[RJ & I] want to give back — not just through buying, but educating ourselves. We want to discover what it takes to really make one, what the meanings are behind it. Apart from that, we want to learn the stories, the relevance of these textiles is something taken so lightly nowadays since the growing trend in incorporating Philippine textiles to everyday products (sofa covers, table runners and more).
Handloom weaving is considered a traditional craft in various regions. It is an intricately practiced, centuries-old tradition performed by tribes all over the country. It’s labor intensive, and depending on what region it’s produced in, it will utilize materials such as buri, inabel, raffia, pineapple, abaca and more.
Tradition has always been a source of inspiration for contemporary designers and artists. In the ethnic tradition of textile, each motif, each pattern represents a re-connection to a people’s heritage, customs, practices, and belief systems. So much to learn by merely looking at the surface of a cloth.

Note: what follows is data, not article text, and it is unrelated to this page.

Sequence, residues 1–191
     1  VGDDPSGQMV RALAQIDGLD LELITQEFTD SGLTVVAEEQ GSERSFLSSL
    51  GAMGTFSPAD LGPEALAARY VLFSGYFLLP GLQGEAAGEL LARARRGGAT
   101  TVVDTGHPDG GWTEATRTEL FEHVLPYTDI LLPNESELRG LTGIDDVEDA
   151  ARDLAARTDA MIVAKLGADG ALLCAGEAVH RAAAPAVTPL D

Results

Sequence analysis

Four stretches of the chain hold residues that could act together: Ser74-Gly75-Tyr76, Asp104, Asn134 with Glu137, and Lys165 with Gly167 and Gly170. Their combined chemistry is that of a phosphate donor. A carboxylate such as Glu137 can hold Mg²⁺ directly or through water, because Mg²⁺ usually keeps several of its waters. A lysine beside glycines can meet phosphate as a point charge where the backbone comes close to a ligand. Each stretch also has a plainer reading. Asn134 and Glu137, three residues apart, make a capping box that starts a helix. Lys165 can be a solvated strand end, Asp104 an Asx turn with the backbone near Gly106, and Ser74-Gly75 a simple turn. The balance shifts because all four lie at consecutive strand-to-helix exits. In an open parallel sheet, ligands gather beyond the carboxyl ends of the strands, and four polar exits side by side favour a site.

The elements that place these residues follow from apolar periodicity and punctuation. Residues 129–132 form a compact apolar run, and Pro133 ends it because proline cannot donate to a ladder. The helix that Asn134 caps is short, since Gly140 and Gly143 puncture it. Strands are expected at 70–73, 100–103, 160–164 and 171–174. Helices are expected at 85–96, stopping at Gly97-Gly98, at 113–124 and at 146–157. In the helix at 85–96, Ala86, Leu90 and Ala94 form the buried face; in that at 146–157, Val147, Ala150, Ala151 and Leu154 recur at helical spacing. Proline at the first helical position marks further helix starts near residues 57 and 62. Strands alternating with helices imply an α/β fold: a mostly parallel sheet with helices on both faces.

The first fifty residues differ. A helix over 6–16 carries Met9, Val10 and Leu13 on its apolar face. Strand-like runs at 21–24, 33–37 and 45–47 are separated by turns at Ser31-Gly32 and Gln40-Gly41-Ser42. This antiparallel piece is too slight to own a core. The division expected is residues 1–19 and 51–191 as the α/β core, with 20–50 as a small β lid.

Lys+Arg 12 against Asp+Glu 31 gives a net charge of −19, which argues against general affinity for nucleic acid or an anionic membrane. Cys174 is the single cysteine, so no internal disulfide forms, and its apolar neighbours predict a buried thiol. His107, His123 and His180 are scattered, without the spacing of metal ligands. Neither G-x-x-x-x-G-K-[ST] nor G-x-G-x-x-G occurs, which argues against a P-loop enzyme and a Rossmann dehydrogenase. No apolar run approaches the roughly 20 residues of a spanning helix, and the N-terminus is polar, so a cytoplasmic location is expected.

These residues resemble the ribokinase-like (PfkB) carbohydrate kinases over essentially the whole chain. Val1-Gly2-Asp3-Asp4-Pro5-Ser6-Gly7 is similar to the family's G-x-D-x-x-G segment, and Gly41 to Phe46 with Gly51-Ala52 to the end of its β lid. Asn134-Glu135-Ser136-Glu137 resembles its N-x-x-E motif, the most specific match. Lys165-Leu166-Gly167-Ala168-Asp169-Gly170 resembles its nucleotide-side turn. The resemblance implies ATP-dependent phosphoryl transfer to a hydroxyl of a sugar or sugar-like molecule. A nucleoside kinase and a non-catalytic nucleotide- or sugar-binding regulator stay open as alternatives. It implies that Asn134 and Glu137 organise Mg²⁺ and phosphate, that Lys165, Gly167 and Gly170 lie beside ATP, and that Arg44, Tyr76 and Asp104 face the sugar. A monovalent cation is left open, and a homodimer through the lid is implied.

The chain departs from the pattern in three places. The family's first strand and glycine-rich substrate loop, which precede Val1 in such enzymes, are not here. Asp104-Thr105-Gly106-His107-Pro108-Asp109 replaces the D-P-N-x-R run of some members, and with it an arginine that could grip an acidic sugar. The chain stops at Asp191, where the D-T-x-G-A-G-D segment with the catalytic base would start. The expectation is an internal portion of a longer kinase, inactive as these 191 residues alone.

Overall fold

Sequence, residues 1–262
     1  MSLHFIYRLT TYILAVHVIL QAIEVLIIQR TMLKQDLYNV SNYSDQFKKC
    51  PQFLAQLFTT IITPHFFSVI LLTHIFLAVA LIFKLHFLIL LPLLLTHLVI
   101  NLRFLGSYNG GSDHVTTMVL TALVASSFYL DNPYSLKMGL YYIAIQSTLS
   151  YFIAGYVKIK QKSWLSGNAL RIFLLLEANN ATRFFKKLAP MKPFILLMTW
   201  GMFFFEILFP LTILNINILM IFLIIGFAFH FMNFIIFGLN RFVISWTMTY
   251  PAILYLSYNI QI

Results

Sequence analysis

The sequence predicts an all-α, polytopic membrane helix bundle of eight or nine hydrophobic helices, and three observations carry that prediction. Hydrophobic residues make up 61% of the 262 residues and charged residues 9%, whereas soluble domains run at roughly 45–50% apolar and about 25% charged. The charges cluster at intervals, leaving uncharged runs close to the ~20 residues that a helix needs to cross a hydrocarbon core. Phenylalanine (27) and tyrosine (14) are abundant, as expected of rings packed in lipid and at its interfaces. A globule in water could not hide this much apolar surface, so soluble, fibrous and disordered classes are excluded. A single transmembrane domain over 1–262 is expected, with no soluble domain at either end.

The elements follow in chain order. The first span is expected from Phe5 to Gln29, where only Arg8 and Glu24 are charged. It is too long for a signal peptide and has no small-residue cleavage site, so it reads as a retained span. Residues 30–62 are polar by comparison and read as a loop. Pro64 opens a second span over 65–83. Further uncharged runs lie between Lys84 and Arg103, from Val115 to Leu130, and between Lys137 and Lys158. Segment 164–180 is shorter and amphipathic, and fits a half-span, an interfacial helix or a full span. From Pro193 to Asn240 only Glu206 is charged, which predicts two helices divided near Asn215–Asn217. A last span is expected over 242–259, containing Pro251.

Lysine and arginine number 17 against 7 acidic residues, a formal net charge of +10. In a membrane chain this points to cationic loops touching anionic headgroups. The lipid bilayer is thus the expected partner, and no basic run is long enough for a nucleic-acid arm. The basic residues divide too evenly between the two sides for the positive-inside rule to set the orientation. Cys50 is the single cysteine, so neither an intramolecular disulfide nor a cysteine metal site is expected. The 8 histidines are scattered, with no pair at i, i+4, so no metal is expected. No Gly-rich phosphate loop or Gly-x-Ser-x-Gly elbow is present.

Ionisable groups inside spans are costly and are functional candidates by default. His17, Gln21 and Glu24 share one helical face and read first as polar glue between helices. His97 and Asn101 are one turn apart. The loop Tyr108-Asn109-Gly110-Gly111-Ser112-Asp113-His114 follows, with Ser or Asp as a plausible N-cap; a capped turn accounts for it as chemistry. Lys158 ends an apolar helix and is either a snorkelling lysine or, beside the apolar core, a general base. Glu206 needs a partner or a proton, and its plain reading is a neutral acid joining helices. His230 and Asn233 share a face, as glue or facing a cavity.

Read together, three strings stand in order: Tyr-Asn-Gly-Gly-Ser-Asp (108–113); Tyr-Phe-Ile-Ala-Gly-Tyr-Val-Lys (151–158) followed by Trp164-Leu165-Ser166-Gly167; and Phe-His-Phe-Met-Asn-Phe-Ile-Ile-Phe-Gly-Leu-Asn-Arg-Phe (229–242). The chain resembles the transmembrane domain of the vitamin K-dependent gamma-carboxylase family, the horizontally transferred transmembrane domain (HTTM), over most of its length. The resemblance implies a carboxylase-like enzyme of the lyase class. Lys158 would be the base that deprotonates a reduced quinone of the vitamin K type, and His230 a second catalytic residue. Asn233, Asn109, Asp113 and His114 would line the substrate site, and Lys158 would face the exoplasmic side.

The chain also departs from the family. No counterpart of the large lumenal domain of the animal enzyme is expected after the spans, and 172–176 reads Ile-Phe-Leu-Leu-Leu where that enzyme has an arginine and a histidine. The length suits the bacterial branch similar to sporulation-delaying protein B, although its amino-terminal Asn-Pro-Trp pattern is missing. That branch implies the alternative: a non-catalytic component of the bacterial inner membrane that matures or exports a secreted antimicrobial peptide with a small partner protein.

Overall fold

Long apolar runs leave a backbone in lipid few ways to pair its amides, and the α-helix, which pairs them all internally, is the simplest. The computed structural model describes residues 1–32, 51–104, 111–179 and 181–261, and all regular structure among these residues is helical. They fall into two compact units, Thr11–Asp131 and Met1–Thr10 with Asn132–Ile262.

They aren’t just your ordinary, colorful textile patterns. Textiles are essential to the personal, socio-political and religious lives of the indigenous groups. Each textile had a functional use — either to represent rank, power, wealth, virtue or incorporated in sacred ceremonies. It’s used to enhance an individual’s character. Philippine weaving really is more than just the beautiful patterns you see.
What is Philippine Cotton?
Our Cotton “ Barbadense” is among one of the top types of cotton produced in the world, along with Egyptian and Pima cotton. Both these kinds of cotton are renowned for their quality, which is a big deal! Sadly, our cotton production has drastically declined since the 90’s. What used to be around 38,000 hectares allocated for cotton production, is roughly 1000 hectares now. This is mainly due to the fact of life, supply and demand.